The fourth and most likely the final Nuclear Security Summit will be held March 31-April 1 in Washington, DC. The three previous summits in Washington (2010), Seoul (2012), and The Hague (2014) have been the most visible features of an accelerated international effort to help prevent nuclear terrorism. President Obama, who launched the effort in a speech in Prague in April 2009 and set the aim to ‘secure all vulnerable nuclear material around the world within four years’, has expressed his intention to ‘finish strong in 2016’. Assessing the achievements of the summits so far, one can argue that, whilst the risk of nuclear terrorism has not gone away, the potential for the acquisition of nuclear materials by terrorist groups has been greatly reduced. Despite this progress, the job of securing all nuclear materials is far from finished. More work will be needed to strengthen the global nuclear security system. What then are the challenges to addressing the remaining gaps in the field of nuclear security?
First, the summit fatigue among heads of state could be an obstacle to further developments. Therefore, at the 2016 Summit, leaders must agree on a way to ensure that collective efforts to strengthen the global nuclear security system do not fade, or worse, backslide, after the Summit process ends. States must consider various options for the future that would involve heads of state meeting at longer intervals, together with lower level meetings at shorter intervals.
Further ratifications of legally binding instruments such as the 2005 Amendment to the Convention on the Physical Protection of Nuclear Material (CPPNM) are necessary to sustain attention on the issue. With regards to the 2005 Amendment, the United States’ ratification in July 2015 brings entry into force one step closer but more states need to ratify it before the amendment can take effect. As a recent piece in the Arms Control magazine explained, the amended Article 16 could provide a vehicle to ensure continued progress: the amendment’s entry into force would set in motion a process requiring a conference of the parties to take place after five years to assess implementation and the adequacy of the convention. Similar to the Treaty on the Non-Proliferation of Nuclear Weapons (NPT) process, more frequent meetings of officials, taking place prior to leader-level meetings, could then ensure the continuity of efforts.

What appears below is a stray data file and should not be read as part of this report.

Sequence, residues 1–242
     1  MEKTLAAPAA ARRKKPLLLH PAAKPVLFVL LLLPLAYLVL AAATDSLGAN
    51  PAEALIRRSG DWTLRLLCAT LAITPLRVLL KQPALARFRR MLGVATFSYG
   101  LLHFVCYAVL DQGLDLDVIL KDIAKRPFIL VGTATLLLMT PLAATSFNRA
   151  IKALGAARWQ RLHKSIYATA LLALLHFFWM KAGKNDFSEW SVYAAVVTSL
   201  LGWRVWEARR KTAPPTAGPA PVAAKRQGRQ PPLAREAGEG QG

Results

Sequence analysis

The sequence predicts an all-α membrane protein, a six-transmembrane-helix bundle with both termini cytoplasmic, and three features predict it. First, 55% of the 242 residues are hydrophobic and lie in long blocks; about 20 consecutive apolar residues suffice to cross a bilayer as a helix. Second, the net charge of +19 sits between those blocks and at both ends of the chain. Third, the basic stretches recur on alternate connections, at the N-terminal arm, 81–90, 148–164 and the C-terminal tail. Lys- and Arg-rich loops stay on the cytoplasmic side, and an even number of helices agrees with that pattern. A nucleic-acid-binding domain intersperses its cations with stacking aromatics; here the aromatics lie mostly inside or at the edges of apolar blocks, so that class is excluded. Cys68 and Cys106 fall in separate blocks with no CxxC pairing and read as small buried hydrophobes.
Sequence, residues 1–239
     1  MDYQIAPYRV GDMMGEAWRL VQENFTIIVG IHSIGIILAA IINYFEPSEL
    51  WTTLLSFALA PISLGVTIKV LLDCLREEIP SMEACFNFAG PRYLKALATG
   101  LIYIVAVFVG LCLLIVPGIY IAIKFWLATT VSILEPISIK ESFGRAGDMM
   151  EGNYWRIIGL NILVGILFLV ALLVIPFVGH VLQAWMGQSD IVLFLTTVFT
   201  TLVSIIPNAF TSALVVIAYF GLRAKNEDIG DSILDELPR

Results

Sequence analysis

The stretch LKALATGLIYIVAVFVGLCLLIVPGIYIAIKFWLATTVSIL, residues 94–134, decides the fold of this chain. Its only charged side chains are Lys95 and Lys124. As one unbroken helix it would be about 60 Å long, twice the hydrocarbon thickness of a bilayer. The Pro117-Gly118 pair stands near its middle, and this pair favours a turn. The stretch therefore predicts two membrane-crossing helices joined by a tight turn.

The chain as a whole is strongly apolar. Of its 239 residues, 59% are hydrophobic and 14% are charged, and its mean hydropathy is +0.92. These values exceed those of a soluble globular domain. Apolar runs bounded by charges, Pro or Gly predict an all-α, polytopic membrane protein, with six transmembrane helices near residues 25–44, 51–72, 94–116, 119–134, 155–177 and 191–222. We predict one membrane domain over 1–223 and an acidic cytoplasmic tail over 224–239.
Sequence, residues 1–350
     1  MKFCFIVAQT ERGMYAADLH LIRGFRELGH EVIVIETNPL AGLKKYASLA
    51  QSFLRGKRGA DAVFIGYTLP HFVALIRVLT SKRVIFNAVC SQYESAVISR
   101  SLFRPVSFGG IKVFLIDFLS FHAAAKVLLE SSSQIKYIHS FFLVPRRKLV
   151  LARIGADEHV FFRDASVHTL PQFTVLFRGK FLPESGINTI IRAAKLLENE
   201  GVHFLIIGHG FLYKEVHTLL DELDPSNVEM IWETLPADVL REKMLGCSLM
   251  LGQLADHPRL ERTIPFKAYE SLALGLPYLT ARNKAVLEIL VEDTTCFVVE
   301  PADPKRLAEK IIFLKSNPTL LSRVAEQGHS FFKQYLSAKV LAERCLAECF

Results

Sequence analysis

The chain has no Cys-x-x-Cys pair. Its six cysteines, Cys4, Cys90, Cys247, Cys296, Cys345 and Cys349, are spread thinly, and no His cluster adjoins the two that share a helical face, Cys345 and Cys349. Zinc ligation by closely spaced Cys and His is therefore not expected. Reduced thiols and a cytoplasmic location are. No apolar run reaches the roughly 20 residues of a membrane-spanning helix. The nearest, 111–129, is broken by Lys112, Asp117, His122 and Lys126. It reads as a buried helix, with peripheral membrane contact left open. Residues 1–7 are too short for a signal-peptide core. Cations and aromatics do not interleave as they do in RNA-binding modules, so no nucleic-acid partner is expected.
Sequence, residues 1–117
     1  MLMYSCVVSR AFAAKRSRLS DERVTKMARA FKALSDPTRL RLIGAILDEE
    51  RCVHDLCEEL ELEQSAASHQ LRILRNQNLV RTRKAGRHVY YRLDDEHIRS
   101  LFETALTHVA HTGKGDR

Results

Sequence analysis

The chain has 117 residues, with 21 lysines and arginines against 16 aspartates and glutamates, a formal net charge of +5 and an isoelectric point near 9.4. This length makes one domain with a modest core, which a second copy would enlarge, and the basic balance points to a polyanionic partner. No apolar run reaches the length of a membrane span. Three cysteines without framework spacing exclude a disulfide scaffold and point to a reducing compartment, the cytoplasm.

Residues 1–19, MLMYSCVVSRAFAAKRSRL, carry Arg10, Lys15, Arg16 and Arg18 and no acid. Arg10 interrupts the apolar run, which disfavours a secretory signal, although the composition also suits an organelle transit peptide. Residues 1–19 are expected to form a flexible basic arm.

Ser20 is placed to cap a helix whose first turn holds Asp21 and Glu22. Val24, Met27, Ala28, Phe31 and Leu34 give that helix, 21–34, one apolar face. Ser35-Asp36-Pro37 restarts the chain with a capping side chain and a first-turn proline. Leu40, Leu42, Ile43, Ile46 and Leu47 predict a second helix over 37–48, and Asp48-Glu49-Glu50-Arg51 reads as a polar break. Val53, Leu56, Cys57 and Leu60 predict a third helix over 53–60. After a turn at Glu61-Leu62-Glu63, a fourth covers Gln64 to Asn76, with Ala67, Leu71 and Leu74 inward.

The group of 35 countries that signed the Joint Statement on ‘Strengthening Nuclear Security Implementation’ at the 2014 Summit can take its contents as a template to implement a more ambitious agenda. The Joint Statement, also known as the Trilateral Initiative, is an initiative through which states agreed to implement the major recommendations of the International Atomic Energy Agency (IAEA) for nuclear and radiological source security. In October 2014, these 35 countries requested that the Joint Statement be circulated by the IAEA Secretariat as an IAEA Information Circular. Two key benefits to this change are that the Joint Statement now has a life beyond the Summit process and any country willing to subscribe to the commitments can join. A goal for the 2016 Summit should be to increase the number of endorsements as much as possible, ideally convincing nuclear-armed states China, India, Pakistan, and Russia to join the initiative. Ultimately, all these initiatives and treaties should lead to the establishment of a legally binding framework convention on nuclear security that will complement the current regime.